Christ on the Cross Albrecht Altdorfer Buy Art Prints Now
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Tom Gurney BSc (Hons) is an art history expert with over 20 years experience
Published on June 19, 2020 / Updated on January 29, 2024
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Christ on the Cross continues the artist's concentration on religious themes which was common in some periods of his career.

Whilst Altdorfer liked to work with landscapes, he would take on other genres in order to make him a commercially successful artist, with regular commissions avaiable for those able to complete religious scenes effectively, as well as portraits.


The format of Altdorfer's Christ on the Cross is entirely typical of the period, with angels floating either side of Christ at the top of the painting, whilst other figures are included in the lower half. The yellow sky behind is left fairly blank, and sets a unique mood as compared to the other artist's work.

The yellow sky is very unusual for this artist, where normally he would prefer a more positive blue sky. Perhaps he deemed that inappropriate for what is such a powerful but unfortunate scene. He plies the scene with many figures who had to the energy and desperation of the scene, a topic used so frequently during the Renaissance and also Baroque art movements.

Christ's head leans to our left hand side, though there is none of the injuries which are displayed in other interpretations by the same artist. Christ's modesty is covered by a cloth around his waist which flutters in the wind. He is also lofted up fairly high in comparison to other depictions of the cross, which is perhaps a method of arranging the painting, as well as distancing him visually and symbolically from his supporters.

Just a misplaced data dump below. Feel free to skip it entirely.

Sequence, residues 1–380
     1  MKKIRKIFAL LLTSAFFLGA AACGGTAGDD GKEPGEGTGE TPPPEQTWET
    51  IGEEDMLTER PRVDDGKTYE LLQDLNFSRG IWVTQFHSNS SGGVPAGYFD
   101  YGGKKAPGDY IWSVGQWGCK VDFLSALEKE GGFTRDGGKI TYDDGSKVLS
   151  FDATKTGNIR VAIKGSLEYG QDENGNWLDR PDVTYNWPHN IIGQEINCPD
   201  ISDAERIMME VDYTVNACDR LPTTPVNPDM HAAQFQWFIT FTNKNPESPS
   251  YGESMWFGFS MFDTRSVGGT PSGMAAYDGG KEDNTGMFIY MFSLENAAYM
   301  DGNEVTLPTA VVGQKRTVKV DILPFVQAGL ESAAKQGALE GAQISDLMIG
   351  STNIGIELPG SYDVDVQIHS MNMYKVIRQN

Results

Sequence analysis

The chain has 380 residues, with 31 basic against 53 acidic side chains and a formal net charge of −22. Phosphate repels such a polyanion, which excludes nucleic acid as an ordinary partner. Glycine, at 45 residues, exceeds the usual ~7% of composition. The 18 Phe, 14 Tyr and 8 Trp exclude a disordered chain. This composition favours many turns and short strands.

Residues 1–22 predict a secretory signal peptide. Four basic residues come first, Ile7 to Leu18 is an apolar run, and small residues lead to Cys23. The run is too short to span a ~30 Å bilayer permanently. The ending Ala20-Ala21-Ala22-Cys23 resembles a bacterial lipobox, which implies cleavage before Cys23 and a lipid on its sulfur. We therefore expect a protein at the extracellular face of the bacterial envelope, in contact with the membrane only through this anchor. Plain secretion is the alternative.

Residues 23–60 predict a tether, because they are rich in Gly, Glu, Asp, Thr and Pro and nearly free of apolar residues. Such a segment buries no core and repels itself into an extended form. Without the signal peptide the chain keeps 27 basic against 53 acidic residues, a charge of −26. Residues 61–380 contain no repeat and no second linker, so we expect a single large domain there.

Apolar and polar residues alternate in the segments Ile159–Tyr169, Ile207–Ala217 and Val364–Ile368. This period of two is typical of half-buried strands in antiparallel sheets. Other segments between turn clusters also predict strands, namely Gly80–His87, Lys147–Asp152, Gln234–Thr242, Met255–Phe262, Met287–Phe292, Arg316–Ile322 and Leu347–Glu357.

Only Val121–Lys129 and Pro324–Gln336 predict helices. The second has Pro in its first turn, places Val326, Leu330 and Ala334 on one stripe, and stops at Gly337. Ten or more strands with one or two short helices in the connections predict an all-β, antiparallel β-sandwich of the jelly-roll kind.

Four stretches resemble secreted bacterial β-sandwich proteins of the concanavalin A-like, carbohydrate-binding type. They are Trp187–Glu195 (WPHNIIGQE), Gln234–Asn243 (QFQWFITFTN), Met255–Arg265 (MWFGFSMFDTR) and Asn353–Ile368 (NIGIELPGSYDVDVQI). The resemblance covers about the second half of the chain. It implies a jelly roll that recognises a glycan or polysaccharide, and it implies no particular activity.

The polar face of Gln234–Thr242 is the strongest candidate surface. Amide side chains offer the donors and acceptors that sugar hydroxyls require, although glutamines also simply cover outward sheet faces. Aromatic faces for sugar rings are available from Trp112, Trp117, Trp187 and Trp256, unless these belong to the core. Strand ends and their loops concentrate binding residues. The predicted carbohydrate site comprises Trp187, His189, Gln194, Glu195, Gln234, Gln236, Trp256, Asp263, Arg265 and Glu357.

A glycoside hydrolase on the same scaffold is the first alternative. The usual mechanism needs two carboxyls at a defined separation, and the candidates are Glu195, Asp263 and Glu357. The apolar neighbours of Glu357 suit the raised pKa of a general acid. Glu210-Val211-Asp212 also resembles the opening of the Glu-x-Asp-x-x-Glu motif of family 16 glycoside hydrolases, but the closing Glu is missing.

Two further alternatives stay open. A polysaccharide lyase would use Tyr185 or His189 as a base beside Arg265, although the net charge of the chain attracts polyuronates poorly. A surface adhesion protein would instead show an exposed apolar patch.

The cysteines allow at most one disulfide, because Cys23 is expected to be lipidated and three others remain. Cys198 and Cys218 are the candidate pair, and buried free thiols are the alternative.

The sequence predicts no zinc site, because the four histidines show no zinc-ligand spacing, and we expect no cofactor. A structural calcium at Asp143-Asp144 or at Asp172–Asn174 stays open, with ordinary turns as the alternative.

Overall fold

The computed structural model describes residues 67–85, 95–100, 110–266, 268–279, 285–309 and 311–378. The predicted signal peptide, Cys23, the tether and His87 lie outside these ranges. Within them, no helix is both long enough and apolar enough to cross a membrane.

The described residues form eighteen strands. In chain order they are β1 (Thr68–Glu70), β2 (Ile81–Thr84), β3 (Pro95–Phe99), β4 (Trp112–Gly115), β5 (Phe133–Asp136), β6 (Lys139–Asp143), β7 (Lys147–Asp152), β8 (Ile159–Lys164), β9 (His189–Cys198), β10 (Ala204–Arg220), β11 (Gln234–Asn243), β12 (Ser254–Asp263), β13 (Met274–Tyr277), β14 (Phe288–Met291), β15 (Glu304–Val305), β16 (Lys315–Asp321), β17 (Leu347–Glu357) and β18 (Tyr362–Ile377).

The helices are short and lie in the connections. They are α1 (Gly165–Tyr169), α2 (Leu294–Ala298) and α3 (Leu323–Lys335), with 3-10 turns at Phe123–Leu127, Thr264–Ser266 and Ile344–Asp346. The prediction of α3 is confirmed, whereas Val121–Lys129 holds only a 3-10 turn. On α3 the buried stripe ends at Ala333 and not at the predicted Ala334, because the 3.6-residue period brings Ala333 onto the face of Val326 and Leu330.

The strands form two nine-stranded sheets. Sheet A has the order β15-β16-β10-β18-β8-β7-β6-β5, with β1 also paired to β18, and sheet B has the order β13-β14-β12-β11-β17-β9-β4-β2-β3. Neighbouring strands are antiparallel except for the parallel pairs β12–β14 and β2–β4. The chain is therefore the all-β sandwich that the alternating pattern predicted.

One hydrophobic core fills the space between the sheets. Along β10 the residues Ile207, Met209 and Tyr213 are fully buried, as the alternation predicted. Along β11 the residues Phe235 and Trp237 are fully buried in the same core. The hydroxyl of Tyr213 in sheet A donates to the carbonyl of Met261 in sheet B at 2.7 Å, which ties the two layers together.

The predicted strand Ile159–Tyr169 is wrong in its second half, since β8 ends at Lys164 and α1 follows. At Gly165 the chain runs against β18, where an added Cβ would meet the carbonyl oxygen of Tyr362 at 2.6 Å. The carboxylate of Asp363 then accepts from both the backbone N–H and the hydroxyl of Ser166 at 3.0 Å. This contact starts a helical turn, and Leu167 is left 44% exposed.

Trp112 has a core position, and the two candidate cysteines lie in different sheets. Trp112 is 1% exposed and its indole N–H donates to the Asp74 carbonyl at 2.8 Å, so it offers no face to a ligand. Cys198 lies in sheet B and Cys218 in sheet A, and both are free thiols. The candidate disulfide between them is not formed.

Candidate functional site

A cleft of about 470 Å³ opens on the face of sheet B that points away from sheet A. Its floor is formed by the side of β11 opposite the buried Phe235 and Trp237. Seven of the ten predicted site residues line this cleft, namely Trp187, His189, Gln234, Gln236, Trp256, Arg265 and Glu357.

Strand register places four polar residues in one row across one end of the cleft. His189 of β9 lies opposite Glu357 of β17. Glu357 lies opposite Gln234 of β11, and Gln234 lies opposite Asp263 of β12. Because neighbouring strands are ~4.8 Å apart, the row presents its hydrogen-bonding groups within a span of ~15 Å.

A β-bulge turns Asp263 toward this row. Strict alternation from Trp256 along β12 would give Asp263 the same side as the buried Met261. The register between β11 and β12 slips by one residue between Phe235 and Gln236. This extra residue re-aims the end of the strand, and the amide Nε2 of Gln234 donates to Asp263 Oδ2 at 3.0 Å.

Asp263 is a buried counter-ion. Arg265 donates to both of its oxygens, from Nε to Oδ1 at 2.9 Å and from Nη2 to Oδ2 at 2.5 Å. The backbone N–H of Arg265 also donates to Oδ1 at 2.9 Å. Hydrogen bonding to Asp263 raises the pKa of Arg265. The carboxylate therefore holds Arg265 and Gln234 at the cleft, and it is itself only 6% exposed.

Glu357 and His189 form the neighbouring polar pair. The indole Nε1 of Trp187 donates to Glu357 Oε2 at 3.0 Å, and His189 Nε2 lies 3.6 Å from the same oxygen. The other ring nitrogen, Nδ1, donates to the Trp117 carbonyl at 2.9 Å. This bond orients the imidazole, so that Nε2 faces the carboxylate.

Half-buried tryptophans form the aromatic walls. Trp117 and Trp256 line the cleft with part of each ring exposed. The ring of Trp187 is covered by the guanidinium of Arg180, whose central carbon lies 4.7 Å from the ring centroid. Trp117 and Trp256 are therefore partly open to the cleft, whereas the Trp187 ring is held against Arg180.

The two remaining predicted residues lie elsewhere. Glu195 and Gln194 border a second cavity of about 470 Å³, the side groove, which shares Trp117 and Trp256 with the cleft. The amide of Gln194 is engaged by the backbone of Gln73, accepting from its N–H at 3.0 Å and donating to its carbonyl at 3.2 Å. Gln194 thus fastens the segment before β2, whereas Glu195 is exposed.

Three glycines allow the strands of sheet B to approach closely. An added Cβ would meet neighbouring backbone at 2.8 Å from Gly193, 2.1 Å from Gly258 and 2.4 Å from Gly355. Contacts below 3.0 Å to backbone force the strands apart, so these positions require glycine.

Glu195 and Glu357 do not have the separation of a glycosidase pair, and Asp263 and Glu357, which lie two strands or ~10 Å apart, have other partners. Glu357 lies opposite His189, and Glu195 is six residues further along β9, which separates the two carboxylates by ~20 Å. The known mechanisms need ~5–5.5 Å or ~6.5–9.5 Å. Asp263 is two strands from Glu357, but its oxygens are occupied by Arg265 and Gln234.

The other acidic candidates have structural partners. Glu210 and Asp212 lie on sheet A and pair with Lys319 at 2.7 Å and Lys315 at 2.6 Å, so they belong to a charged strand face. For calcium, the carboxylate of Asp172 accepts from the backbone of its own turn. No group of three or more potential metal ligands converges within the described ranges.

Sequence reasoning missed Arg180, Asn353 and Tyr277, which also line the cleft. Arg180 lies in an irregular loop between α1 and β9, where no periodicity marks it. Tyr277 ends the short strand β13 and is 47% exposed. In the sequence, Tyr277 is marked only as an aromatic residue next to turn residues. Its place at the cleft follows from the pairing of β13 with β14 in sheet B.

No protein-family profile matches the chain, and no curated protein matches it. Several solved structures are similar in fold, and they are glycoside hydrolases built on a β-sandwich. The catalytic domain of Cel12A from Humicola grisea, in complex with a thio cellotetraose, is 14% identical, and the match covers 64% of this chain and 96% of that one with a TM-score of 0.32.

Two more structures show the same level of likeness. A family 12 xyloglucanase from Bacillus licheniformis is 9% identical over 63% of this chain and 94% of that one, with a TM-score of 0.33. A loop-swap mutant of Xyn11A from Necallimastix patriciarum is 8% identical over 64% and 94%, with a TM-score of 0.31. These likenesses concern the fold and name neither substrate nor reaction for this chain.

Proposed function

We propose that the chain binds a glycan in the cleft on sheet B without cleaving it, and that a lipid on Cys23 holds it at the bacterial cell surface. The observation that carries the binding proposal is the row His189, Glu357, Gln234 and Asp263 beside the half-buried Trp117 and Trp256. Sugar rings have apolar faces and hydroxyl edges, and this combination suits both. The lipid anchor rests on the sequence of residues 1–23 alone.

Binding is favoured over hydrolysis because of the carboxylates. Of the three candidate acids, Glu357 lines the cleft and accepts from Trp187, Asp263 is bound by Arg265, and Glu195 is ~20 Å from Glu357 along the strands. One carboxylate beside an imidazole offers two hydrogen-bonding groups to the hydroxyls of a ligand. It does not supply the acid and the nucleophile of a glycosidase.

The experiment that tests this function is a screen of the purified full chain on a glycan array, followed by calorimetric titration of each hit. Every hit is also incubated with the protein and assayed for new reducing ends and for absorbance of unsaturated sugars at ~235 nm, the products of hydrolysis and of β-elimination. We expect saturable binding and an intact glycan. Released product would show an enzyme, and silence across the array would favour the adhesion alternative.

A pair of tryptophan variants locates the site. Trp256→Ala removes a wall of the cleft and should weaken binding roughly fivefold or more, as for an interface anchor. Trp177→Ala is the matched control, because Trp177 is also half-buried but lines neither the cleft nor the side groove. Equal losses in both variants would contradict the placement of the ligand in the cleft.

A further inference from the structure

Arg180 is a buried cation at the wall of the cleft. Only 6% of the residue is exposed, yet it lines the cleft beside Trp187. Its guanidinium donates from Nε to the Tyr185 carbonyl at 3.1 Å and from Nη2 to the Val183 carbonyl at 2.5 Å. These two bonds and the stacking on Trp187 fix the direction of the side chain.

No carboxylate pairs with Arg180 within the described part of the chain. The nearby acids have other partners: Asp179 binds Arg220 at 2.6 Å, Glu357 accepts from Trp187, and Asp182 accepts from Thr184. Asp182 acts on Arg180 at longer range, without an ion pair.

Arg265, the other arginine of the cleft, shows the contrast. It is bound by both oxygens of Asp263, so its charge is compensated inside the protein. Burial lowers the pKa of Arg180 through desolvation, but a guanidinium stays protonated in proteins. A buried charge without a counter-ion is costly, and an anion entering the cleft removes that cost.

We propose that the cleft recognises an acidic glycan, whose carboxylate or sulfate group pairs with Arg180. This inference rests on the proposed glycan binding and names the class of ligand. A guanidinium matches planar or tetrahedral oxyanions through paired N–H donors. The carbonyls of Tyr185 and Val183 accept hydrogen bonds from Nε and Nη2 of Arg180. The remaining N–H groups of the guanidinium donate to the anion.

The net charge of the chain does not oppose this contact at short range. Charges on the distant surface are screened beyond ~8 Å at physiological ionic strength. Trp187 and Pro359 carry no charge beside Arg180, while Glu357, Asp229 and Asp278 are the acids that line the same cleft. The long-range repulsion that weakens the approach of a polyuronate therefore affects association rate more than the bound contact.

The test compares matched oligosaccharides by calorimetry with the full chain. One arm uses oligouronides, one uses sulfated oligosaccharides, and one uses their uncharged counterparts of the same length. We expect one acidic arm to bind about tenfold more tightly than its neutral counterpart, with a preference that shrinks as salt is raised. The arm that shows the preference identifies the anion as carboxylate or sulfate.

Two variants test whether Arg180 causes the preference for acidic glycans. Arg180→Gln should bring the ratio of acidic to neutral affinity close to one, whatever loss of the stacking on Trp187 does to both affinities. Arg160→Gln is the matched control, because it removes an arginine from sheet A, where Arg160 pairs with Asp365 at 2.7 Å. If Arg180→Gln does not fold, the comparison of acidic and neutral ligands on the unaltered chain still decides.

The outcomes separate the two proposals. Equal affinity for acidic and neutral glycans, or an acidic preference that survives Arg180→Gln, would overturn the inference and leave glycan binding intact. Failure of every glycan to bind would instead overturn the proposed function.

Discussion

Beneath Christ, we find an unusually large number of figures gathered. Long weapons indicate the presence of soldiers, whilst closer to us we see the suffering of Christ's friends, some of whom are devastated to the point of collapsing on the floor. Some lettering has been added above Christ's head, to represent the scene, and it is noticeable here how Altdorfer chooses not to include any of his landcape details which tended to find their way into almost all of his paintings.

Painting Details

Albrecht Altdorfer's Christ on the Cross was completed in circa 1520 and is now part of the permanent collection of the Budapest Museum of Fine Arts in Budapest, Hungary. It measures 75 x 57.5 cm and is just one of many Christ on the Cross paintings, drawings and etchings produced by the artist across his career, each of which varied in mood and layout.

Levels of Artistic Expression

Many of the commissions that he did receive would require Christian stories for display in wealthy institutions. They allowed him a certain level of autonomy, so long as the content was produced faithfully and respectfully. It became hard for the artist to make use of his skills in landscape painting and he would simply have to accept things as they were before getting an opportunity to do precisely as he wished at a later date.

Adapting to the Market

Art history is full to the brim of similar examples to that where artists have struggled to find a balance between exploring their creative ideas freely but also managing to finance their daily lives too. Etchings were used by some Renaissance artists, including Albrecht Altdorfer, in order to quickly cover the financial necessities of life through large scale reproductions that could be sold on cheaply and in great numbers.